uncertainty and terrorist attacks of suicide bombing in Pakistan.

Weighted Average Rate of Return on Deposit has regression coefficient

4309.282 that also indicates the positive impact of WARRD on Net Portfolio

Investment. This coefficient is significant at 10% level of significance. A one

unit increase in WARRD will bring a rise of 4309.282 units in NPI. Its sign

is according to the concept, as deposit rate increases deposit amount on

mutual funds also increases.

The value of the coefficient Growth Rate of M2 is 242.5497. It also

indicates the positive impact of growth rate of M2 on NPI. One unit rise in

this coefficient will raise the NPI to 242.5497 units. However, this

coefficient is insignificant, may it be because of war against terrorism.

Coefficient of FDI is negative and significant at 1% level of significance. Its

value is 60120.96, which shows that a one unit rise in FDI will decline the

154

NPI to 60120.96 units. This result is also accurate to the concept that there is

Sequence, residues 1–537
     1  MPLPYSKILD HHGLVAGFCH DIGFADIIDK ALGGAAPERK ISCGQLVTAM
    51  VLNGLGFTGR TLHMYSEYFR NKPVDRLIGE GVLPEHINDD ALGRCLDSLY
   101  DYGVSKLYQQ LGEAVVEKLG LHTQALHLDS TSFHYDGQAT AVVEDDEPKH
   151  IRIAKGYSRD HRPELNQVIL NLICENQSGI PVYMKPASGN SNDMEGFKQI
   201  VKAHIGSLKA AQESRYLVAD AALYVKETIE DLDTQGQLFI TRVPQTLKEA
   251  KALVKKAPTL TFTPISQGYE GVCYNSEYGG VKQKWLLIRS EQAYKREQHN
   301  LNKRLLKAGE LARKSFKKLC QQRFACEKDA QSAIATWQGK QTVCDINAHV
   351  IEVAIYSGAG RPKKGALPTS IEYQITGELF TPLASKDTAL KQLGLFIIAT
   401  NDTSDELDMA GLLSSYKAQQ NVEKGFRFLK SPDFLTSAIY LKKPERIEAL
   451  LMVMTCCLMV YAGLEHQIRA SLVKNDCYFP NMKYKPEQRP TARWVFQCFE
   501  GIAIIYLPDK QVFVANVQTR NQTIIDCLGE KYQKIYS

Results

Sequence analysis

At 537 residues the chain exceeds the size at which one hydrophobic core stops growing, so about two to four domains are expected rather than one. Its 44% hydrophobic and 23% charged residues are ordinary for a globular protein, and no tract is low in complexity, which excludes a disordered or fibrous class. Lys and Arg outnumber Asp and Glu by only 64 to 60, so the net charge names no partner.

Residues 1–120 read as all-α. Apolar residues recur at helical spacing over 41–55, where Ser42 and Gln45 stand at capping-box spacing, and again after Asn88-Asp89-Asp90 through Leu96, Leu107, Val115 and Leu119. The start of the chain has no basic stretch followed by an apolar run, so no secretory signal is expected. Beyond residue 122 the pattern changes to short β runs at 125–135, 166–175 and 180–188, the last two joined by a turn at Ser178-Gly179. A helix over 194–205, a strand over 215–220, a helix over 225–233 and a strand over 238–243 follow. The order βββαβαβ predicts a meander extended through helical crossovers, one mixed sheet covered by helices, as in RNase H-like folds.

trade-off between NPI and FDI.

The value of speed of adjustment coefficient is 0.411. This is the

coefficient of dependent lagged variable that is added as an independent

variable. This coefficient is significant at 5% level of significance.

Coefficient of Determination R2 is 0.48 which explains that 48%

variations in dependent variable are due to its linear relationship with

dependent variables. This moderate value of R2 also shows that none of the

independent variables is highly correlated. So, there are no chances of

multicollinearity.

Tests for the Presence of Autocorrelation

The following two tests have been used:

1.

2.

Durbins h Statistics

autocorrelation. Durbins h statistic is 1.51, given in Table 4, obtained from

the following formula:

n

d

h 1

2

2 1 n r

Here,

n

number of observations

r2 =

no autocorrelation.

So, both Breusch-Godfrey serial correlation LM test and Durbins h

statistic accept null hypothesis of no autocorrelation.

Long-run Estimated Equation for Portfolio Investment Model

Long-run equation has been estimated by dividing each short-run coefficient

to 0.59 (1 speed of adjustment coefficient).

Estimated coefficient of Long-run equation for Portfolio Investment

Model is as follow:

155

+ 411.8 GM2 102072.9 FDIGDP

(2)

increase in Net Portfolio Investment for per unit change in Market

Capitalization. 4382.79 units increase in Net Portfolio Investment for a one

unit change in trade openness.

One unit rise or decline in WARRD will increase or decrease the Net

Portfolio Investment to 7316.27 units, respectively. One unit increase in